Invasive Group G streptococcal infection (iGGS) has increasingly been recognized as a cause of severe disease, mainly among elderly people with chronic illnesses. This study aimed to examine age-related differences in clinical characteristics of iGGS and describe its characteristics among very elderly individuals (≥80 years).

Methods

Fifty-four iGGS patients for whom detailed clinical information was available were identified from 2002 to 2014 in a tertiary care hospital in Japan. iGGS (n = 54) was compared with invasive Group A (iGAS; n = 17) and B streptococcal infection patients (iGBS; n = 52) based on patient age.

Results

The incidence of iGGS in our catchment area significantly increased during the study period. The prevalence of iGGS in the very elderly population was higher than that of iGAS or iGBS (p<0.001). Among iGGS patients, cardiovascular disease, chronic kidney disease, oxygen demand, and bacteremia with unknown focus of infection were more frequent in the very elderly population (p = 0.009, p = 0.02, p = 0.04, and p = 0.04, respectively). Altered mental status was present in half of iGGS patients aged ≥60 years (p = 0.03). In contrast, alcohol drinking and liver cirrhosis were significantly more frequent in patients with iGGS aged <60 years than in other age groups (p<0.001, p = 0.001, respectively). Levofloxacin resistance in GBS isolates was significantly more frequent among very elderly patients than among other age groups (p<0.001).

Conclusions

The burden of iGGS has been increasing in our catchment area. Different iGGS-associated clinical characteristics were found in each age group. Unclear and atypical clinical manifestations and syndromes were likely to be observed in very elderly patients. Alcohol drinking and liver cirrhosis may contribute to iGGS even in patients aged <60 years. Understanding these age-related differences could be helpful for optimal diagnosis and treatment.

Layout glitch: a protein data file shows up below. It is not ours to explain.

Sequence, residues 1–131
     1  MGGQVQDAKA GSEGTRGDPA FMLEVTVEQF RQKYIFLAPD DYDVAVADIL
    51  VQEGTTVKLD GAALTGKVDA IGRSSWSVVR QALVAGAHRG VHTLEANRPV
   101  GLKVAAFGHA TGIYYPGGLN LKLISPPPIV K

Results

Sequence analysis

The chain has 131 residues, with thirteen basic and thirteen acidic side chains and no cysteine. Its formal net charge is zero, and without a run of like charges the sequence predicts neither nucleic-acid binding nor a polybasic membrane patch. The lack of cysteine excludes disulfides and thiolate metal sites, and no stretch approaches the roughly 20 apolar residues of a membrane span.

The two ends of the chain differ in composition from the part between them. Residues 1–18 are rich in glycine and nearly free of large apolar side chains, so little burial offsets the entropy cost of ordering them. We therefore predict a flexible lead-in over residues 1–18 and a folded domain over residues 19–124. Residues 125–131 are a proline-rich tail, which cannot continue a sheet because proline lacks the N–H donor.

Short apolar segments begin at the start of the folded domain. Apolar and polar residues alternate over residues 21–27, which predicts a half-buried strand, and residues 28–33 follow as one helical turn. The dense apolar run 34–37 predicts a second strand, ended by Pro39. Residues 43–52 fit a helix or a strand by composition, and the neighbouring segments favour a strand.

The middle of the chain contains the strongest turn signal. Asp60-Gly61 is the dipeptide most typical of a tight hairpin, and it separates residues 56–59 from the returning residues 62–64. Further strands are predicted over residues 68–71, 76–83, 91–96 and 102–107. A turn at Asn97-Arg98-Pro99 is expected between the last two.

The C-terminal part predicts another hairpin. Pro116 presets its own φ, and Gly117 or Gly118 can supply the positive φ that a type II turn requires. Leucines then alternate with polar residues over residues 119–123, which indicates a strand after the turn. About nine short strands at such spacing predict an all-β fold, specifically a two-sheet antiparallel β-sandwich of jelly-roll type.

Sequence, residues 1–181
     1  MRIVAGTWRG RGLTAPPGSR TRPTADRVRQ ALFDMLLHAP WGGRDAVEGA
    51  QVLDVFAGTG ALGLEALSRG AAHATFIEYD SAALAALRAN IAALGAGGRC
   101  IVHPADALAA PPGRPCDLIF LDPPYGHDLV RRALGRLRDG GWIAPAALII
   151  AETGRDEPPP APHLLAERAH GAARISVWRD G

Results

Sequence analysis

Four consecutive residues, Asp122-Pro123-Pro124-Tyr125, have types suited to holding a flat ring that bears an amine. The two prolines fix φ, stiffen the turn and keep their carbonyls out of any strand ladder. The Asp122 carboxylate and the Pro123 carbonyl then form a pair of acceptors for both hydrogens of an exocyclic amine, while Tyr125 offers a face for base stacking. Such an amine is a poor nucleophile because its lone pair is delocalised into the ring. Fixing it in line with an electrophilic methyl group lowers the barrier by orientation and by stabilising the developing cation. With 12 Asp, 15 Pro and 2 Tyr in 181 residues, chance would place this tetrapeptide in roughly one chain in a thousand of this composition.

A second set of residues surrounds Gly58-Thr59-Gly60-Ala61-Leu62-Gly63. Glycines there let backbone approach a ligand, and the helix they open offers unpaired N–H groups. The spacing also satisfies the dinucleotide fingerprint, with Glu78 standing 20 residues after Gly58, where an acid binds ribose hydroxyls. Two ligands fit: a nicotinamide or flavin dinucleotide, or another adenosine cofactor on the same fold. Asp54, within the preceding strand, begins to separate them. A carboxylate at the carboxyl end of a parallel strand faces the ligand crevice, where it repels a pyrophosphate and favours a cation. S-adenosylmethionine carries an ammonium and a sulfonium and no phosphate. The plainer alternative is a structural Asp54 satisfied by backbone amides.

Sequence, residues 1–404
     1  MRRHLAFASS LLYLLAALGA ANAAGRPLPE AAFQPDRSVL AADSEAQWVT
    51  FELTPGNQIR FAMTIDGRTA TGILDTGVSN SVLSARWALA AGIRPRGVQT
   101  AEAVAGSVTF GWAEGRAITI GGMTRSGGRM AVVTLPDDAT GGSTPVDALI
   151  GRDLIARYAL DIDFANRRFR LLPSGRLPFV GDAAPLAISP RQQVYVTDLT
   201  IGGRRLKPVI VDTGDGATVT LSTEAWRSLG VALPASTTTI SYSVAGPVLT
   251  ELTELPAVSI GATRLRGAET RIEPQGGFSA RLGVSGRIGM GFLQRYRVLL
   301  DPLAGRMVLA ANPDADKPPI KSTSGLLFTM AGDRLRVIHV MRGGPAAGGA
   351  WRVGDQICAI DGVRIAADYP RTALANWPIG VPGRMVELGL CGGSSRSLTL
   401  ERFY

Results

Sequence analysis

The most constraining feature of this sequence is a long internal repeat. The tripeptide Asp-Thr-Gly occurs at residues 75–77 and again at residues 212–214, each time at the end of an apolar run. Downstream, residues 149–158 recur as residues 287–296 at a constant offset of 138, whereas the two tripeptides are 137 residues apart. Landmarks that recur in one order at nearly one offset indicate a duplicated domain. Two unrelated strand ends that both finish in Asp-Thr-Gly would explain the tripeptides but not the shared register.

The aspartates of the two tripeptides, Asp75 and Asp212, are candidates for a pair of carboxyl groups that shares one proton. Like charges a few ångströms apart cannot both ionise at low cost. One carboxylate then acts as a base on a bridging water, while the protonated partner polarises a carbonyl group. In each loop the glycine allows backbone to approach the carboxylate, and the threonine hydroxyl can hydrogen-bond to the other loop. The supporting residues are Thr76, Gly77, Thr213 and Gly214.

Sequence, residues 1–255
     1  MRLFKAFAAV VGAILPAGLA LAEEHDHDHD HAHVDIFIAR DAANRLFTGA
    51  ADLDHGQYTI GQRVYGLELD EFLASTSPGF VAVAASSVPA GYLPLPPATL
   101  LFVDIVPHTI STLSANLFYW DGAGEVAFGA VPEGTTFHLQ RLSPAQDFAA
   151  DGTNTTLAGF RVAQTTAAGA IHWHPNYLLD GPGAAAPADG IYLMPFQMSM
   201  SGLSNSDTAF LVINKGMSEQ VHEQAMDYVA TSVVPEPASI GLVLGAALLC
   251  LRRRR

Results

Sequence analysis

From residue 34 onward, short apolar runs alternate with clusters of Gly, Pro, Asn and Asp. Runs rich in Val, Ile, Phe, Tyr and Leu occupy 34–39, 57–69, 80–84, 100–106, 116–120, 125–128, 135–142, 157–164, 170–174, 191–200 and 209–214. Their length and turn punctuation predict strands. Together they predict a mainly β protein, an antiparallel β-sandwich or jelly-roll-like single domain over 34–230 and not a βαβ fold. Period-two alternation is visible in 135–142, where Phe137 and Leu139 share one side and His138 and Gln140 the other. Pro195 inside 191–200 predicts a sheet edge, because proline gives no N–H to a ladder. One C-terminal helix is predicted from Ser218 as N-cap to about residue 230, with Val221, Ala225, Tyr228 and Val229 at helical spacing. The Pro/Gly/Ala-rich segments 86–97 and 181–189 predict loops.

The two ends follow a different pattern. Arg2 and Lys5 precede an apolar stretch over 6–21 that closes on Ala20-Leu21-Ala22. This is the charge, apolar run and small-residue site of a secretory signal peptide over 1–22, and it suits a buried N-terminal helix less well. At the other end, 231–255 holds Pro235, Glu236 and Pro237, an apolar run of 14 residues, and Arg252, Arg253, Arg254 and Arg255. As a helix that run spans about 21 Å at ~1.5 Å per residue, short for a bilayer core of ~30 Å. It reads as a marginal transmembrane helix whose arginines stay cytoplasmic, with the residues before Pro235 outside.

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<![CDATA[A prospective, multi-center study of Candida bloodstream infections in Chile]]> https://www.researchpad.co/article/5c8c1960d5eed0c484b4d4f3

Background

Active surveillance is necessary for improving the management and outcome of patients with candidemia. The aim of this study was to describe epidemiologic and clinical features of candidemia in children and adults in tertiary level hospitals in Chile.

Methods

We conducted a prospective, multicenter, laboratory-based survey study of candidemia in 26 tertiary care hospitals in Chile, from January 2013 to October 2017.

Results

A total of 780 episodes of candidemia were included, with a median incidence of 0.47/1,000 admissions. Demographic, clinical and microbiological information of 384 cases of candidemia, from 18 hospitals (7,416 beds), was included in this report. One hundred and thirty-four episodes (35%) occurred in pediatric patients and 250 (65%) in adult population. Candida albicans (39%), Candida parapsilosis (30%) and Candida glabrata (10%) were the leading species, with a significant difference in the distribution of species between ages. The use of central venous catheter and antibiotics were the most frequent risk factors in all age groups (> 70%). Three hundred and fifteen strains were studied for antifungal susceptibility; 21 strains (6.6%) were resistant to fluconazole, itraconazole, voriconazole, anidulafungin or micafungin. The most commonly used antifungal therapies were fluconazole (39%) and echinocandins (36%). The overall 30-day survival was 74.2%, significantly higher in infants (82%) and children (86%) compared with neonates (72%), adults (71%) and elderly (70%).